There comes a time when you see something that is worth fighting for and you have a choice to make. She insisted.
Meet Wilma Glodean Rudolph, a world-class sprinter who became known in the 1960s as “the fastest woman in history.” Rudolph is the first American woman to win three gold medals in a single Olympiad. In addition, she is the first woman invited to compete at the Melrose Games. Rudolph was born June 23, 1940, and died November 12, 1994.
After the 1960 Rome Olympics and after completing a post-games European tour, Rudolph returned to her hometown of Clarksville, Tenn., which held a full day of activities to celebrate “Welcome Wilma Day” on October 4, 1960. Because she staunchly insisted, her homecoming parade and banquet became the first fully integrated municipal event in Clarksville’s history.
Rudolph was at the height of her track career when she made a decision that shocked many. The reigning world record-holder in the 100-meter, 200-meter and 4 x 100-meter-relay events, the winner of seven national AAU sprint titles, the women’s indoor track record-holder in the 60-yard dash and the winner of the 100-meter and 4 x 100-meter-relay races at a U.S.–Soviet meet at Stanford University in 1962, retired from track competition at the young age of 22. She wanted to go out on top and she did.
Rudolph’s work of running around the track had been completed. She shifted her focus to continuing her education at Tennessee State University. There, she became a member of Delta Sigma Theta sorority. In 1963, Rudolph earned a bachelor’s degree in elementary education. During that same year, she became a goodwill ambassador for the U.S State Department and traveled to West Africa.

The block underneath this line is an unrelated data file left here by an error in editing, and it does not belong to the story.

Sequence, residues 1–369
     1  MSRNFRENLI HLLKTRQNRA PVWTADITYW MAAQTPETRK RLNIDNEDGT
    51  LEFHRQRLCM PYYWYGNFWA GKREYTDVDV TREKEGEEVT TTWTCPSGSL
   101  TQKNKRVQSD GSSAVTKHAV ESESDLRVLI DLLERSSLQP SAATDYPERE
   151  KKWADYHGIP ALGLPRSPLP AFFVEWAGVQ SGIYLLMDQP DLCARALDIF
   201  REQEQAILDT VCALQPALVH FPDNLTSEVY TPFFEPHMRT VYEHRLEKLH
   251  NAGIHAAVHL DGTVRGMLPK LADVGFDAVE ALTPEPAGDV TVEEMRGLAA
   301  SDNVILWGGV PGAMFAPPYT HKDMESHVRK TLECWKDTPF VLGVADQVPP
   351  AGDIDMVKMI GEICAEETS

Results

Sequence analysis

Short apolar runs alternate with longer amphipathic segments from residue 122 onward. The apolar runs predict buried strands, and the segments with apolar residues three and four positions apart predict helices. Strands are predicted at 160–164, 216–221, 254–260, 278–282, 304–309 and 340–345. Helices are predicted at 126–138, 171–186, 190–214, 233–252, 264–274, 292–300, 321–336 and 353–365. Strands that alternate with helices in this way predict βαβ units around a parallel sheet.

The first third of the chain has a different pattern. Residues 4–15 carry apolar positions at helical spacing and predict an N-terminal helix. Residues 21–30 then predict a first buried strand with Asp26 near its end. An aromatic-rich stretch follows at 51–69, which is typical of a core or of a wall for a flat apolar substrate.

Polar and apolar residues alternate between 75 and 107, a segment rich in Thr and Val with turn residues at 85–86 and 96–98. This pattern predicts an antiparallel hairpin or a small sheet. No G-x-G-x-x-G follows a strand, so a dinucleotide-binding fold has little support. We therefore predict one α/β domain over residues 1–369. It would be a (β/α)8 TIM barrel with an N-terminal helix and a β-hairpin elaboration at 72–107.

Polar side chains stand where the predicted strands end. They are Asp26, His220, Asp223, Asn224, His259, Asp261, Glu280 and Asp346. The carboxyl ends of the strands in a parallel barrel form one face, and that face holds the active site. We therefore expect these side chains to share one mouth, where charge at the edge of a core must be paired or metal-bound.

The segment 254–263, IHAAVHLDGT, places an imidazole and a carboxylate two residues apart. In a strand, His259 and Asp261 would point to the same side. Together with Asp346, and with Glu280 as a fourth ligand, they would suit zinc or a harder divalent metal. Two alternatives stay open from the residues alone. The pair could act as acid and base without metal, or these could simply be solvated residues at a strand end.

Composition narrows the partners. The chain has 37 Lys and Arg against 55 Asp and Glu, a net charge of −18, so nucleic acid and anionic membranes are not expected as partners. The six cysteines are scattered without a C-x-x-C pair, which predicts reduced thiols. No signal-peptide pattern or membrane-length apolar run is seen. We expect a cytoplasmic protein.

Upon returning home, Rudolph participated in a civil rights protest in her hometown of Clarksville to desegregate one of the city’s restaurants. Again Rudolph, and others, insisted. It did not take long before the mayor announced that the city’s public facilities, including its restaurants, would become fully integrated.
Rudolph was born premature, in poverty and in the racially segregated South. As a child, she frequently suffered from illnesses, including pneumonia and scarlet fever. She even contracted infantile paralysis caused by the poliovirus.
Although Rudolph recovered from polio, she lost strength in her left leg and had to wear a brace. Her parents traveled about 50 miles weekly for two years to the historically black Meharry Medical College in Nashville for treatments because there was little medical care available to African-American residents of Clarksville in the 1940s.
Her family members also gave her at-home massage treatments four times a day and she wore an orthopedic shoe for support of her foot for another two years until she was able to overcome the debilitating effects of polio. By age 12, Rudolph learned to walk without a leg brace or orthopedic shoe for support.
It is easy to forget because of all of her success that Rudolph lost her first major track event. She became pregnant during her senior year of high school. A few weeks prior to enrolling at Tennessee State University, Rudolph gave birth to her first child.
Like all of our lives, Rudolph’s life provides examples of both struggle and strength. From birth she overcame obstacles. Why? Because she insisted. Are you insisting?